Do Garage Outlets Need to Be GFCI Protected?

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Are GFCI outlets required for outlets in your garage? What about garage lights and garage door opener outlets? What is GFCI anyway? 

Worrying about GFCI outlets may seem like an afterthought, especially when you want to get into the details of adding additional outlets or lighting for your garage.

But it’s not.

GFCI compliance, as laid out in the NEC, helps save lives. Just as important, if your house lacks GFCI outlets where they should be, it could cause problems when you sell your home later.

Your garage needs to be GFCI protected, according to the 2008 and later editions of the National Electric Code (NEC) handbook. This includes garage door openers and garage lights connected to an outlet. In addition, AFCI protection is required for 5-amp and 20-amp 120/125-volt circuits. 

This article will explain what GFCI is and how it can protect you. You’ll also find out which outlets in your garage need to be GFCI compliant.  


What Is GFCI?

GFCI stands for Ground-Fault Circuit-Interrupters.

According to code, GFCI protection is found on outlets, cords, and other electrical equipment. They are designed to detect dangerous electrical imbalances.

Here’s an easy example.

When water splashes on an electrical outlet, it typically causes a short circuit. However, the GFCI circuitry kicks to automatically shut off the power to avoid the risk of electrocution.

The NEC, or National Electrical Code, lays out basic safety rules for residential and commercial building construction. It also covers installing electrical devices.

The NEC lists specific cases where ground fault circuit interrupters are required to help protect lives.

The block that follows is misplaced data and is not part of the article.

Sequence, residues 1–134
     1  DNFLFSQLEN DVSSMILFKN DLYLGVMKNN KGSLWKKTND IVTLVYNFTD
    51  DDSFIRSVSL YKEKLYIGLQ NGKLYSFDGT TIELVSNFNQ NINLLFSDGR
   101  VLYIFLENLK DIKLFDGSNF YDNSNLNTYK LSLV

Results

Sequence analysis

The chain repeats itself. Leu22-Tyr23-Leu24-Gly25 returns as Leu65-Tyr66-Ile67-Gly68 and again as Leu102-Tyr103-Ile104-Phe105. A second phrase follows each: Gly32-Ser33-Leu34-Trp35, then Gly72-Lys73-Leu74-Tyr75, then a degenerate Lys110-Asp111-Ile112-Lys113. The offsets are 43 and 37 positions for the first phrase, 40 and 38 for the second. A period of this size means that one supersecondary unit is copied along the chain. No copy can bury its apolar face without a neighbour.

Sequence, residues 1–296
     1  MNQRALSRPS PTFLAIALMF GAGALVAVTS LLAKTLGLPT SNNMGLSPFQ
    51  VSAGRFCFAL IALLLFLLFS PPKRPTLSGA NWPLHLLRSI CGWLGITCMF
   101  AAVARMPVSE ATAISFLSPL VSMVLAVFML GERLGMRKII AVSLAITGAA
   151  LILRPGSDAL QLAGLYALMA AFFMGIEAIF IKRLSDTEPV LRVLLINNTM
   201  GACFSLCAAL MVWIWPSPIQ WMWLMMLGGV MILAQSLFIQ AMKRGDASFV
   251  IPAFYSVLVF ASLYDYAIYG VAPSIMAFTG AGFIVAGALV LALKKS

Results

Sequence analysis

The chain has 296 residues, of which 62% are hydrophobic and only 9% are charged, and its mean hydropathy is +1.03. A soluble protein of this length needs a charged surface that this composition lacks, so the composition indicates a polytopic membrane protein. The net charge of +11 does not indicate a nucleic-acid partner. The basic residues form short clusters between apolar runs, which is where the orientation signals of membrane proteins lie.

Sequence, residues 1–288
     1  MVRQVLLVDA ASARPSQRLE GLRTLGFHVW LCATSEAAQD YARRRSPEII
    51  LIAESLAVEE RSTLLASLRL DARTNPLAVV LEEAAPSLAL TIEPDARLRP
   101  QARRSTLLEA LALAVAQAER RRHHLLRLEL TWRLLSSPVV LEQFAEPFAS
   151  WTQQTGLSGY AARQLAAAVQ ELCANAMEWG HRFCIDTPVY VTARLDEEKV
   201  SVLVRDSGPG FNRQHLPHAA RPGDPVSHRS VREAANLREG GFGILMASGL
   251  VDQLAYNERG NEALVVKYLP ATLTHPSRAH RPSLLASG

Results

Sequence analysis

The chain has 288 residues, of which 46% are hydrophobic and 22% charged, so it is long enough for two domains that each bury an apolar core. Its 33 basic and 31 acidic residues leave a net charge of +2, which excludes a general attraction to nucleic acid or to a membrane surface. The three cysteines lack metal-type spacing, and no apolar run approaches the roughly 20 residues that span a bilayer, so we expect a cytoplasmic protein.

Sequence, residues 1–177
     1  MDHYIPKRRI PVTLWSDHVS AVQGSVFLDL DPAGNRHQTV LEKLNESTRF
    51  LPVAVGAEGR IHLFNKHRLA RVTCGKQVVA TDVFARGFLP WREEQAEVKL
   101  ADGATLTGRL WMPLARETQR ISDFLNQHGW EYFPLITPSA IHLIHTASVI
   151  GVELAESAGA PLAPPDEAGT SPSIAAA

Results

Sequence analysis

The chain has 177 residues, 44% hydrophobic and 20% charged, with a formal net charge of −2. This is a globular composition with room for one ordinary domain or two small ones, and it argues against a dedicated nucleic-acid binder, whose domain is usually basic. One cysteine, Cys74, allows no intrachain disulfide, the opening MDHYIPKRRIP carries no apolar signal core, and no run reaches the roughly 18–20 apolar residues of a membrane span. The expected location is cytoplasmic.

GFCI vs. Fuses

At first glance, it seems like GFCI is similar to the fuses in your home’s breaker box.

In reality, they’re very different.

Fuses are designed to protect against electrical fires, whereas GFCI circuitry is designed to protect people from electrical shocks.

A GFCI outlet constantly monitors the electricity flowing between the outlet and the devices connected, cutting off the power when it senses a disruption. When this occurs, the status indicator light on your GFCI outlet may turn red.

You’ve probably seen TV crime dramas where someone was electrocuted in a tub full of water after a hairdryer fell in.

Plugging the hairdryer into a GFCI outlet would have prevented that.


When Are GFCI Outlets Required? 

GFCI-protected outlets are required in all bathrooms and many kitchen outlets. This is because electrical appliances are often used near water.  

Additionally, almost all outdoor outlets require GFCI because of exposure to rain or snow.

You can tell if an outlet is GFCI-compliant by checking whether there are Test and Reset buttons.